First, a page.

Thanks to Sanae and Ute for organising the exchange and creating this international whirlpool of creative friendship.

Sunday, 8 February 2015

As she wished

When we were at The Fabric Store and rummaging through the remnants I showed a piece of fabric to A and she was instantly smitten. This was to be the birthday dress.

Kid's Clothes Week crept up on me, and while it wasn't on theme with the upcycling idea, I decided to take most of a week to sew a dress...


 
The pattern, of course, is the Fairy Tale dress by Oliver + S. It really is the perfect special occasion dress. I had envisaged a simple collarless, sleeveless version, but the birthday girl wasn't going to let me off that lightly.
 


She wanted the curved, Peter Pan collar and the tulip sleeves (view A). Just like her previous Cinderella dress which she had adored. (happily that dress has been handed down as it was getting indecently short and rather tight). Her previous Fairy Tale dresses were size 2. This one is a straight 4. What happened to my 3 year old? It seems I lost a year of sewing there.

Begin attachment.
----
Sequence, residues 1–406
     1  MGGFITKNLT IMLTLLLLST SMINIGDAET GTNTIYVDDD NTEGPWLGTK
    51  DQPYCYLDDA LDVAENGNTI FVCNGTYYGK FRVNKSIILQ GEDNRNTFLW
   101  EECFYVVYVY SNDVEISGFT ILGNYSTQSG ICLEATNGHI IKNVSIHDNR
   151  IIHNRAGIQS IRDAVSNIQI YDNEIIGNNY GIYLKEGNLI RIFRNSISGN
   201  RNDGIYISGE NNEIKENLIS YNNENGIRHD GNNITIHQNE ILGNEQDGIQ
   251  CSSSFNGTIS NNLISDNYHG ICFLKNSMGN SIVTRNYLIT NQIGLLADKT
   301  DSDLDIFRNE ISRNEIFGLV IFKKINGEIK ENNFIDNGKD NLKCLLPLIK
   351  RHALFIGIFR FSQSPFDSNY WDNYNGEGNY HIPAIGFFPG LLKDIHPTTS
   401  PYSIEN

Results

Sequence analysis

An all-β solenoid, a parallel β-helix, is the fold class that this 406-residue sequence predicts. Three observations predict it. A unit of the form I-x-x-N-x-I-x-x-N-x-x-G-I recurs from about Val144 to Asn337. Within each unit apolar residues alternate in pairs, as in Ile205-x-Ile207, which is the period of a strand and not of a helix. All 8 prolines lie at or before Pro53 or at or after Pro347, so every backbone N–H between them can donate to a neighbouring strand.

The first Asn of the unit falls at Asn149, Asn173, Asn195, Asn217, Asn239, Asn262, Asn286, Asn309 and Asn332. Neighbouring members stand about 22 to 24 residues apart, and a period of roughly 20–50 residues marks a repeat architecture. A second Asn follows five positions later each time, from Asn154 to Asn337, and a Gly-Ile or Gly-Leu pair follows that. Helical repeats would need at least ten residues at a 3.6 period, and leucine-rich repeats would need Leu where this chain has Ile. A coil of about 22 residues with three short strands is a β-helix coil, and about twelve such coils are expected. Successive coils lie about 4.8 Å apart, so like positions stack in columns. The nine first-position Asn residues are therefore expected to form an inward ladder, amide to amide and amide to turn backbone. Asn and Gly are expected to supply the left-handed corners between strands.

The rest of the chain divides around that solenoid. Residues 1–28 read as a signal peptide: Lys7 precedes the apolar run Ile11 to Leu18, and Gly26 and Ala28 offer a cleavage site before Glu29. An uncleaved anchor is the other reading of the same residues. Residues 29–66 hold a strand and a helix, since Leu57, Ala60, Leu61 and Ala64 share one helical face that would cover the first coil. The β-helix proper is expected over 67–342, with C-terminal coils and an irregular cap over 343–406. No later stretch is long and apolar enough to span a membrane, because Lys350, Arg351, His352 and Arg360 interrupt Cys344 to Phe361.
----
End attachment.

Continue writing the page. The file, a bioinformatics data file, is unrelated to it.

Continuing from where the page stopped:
I had recently received this beautiful Fairy Tale hand me down dress from the other side of the world and I was very impressed with the piping. I figured if I had to sew the collar and sleeves I needed something to break up all those abstract flowers.


At the back of the neck it was a tight corner to pipe around and I went back and had a look at Melanie's version to assure myself it could be done. The fuchsia satin (which is a better colour match in real life than it looks in these pictures) was relatively thick and perhaps not the best choice for piping, but with lots of snipping I got there and I'm delighted with how it worked.

While the accent fabric was sturdy, the main fabric was as slippery as a wet, buttered fish. I didn't keep the cardstock that the fabric came with but I'm pretty sure it's a silk and it wanted to bend and stretch in every conceivable direction.